Ah, St. Valentine’s Day!
This year this lovely festival of the saint and martyr, the celebration of love with roses, cards, and chocolate, coincides with Quinquagesima, the third Sunday of little Lent, the three weeks before Lent. And the Epistle today was about love.
St. Valentine is a figure shrouded in time, but nevertheless a real person who lived in the third century, martyred under Claudius. There were two Valentines of legend – a bishop from Terni and a Roman priest, and his conflated story has become intertwined with legends of mating and courtship in the medieval world. It is said he was imprisoned for helping Christians, in particular blessing their marriages, and for not worshiping the Roman gods. He was martyred for worshiping the God of Love, Christ Jesus.
The Epistle today was the stunning passage in St. Paul’s letter to the Corinthians, Chapter 13, defining love:
Though I speak with the tongues of men and of angels, and have not charity, I am become as sounding brass, or a tinkling cymbal. And though I have the gift of prophecy, and understand all mysteries, and all knowledge; and though I have all faith, so that I could remove mountains, and have not charity, I am nothing. And though I bestow all my goods to feed the poor, and though I give my body to be burned, and have not charity, it profiteth me nothing. Charity suffereth long, and is kind; charity envieth not; charity vaunteth not itself, is not puffed up, doth not behave itself unseemly, seeketh not her own, is not easily provoked, thinketh no evil; rejoiceth not in iniquity, but rejoiceth in the truth; beareth all things, believeth all things, hopeth all things, endureth all things. Charity never faileth: but whether there be prophecies, they shall fail; whether there be tongues, they shall cease; whether there be knowledge, it shall vanish away. For we know in part, and we prophesy in part. But when that which is perfect is come, then that which is in part shall be done away. When I was a child, I spake as a child, I understood as a child, I thought as a child: but when I became a man, I put away childish things. For now we see through a glass, darkly; but then face to face: now I know in part; but then shall I know even as also I am known. And now abideth faith, hope, charity, these three; but the greatest of these is charity.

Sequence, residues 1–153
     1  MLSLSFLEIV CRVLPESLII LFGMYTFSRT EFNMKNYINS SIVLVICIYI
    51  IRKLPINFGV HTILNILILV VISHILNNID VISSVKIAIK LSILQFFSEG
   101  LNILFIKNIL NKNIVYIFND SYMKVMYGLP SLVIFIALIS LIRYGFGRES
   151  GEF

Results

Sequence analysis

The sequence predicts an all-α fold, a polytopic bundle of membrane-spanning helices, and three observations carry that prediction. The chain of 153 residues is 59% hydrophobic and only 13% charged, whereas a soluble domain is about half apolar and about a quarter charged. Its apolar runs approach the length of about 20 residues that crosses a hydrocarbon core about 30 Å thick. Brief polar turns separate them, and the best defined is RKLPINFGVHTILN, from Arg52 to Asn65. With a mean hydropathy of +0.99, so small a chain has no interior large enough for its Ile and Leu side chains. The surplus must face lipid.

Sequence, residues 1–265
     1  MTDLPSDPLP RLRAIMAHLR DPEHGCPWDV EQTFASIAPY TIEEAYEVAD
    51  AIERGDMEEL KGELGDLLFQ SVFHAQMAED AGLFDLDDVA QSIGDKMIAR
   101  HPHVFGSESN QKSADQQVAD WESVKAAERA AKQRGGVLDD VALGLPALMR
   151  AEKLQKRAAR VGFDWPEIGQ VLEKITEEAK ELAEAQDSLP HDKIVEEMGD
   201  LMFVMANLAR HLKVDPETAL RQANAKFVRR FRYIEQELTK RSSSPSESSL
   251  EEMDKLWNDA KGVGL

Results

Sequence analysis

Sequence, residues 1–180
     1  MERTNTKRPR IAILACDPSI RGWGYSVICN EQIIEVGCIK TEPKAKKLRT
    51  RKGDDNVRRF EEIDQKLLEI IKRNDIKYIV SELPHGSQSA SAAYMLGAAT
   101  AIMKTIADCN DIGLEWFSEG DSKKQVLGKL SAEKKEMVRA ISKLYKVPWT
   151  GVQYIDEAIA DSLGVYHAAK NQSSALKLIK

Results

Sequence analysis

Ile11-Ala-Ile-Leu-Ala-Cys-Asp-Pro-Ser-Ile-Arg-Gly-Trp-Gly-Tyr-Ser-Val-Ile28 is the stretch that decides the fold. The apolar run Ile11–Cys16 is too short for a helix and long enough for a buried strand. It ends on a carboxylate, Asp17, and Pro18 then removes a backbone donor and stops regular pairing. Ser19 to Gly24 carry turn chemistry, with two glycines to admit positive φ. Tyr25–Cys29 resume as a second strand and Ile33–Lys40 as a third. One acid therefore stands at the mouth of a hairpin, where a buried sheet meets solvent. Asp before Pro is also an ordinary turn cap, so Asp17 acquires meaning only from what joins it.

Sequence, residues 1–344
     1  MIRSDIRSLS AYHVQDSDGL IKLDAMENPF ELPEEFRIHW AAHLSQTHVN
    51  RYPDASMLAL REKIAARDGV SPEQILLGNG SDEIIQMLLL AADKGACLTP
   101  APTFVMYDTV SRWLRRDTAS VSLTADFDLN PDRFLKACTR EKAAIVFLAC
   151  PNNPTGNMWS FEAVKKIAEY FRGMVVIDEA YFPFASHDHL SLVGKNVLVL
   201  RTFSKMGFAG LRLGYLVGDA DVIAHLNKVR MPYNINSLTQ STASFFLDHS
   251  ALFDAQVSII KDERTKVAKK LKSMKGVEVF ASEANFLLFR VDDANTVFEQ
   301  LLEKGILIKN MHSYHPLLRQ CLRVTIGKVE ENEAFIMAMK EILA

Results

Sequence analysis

We are out of town for a few days, staying on the Kohala Coast on the Big Island of Hawaii, on our own retreat of sorts, and weaving our own bonds of faith, hope, and charity (love). Today looms with great joy, in its themes of sacrificial love, the beginning of the season of Lent in which we seek to truly understand what love is all about, to understand, to know the love of God and how it weaves through creation.
St. Valentine, I believe, understood that love, was willing to die for that love. He experienced the resurrected Christ, the reality of God with him, and among those early followers. For in the end, I am beginning to understand as well, as I research the first century for my novel-in-progress, that it is the resurrected Christ who is the historical figure, the figure we can say changed the world. From that point we can understand Scriptures and all that happened before.
Ash Wednesday nears and we prepare for Lent with Valentine’s Day, a Pauline festival to be sure, as we enter the greatest of all mysteries, Love, a love that never fails.
Happy St. Valentine’s Day, and Happy Quinquagesima, and may your Lent be a loving one…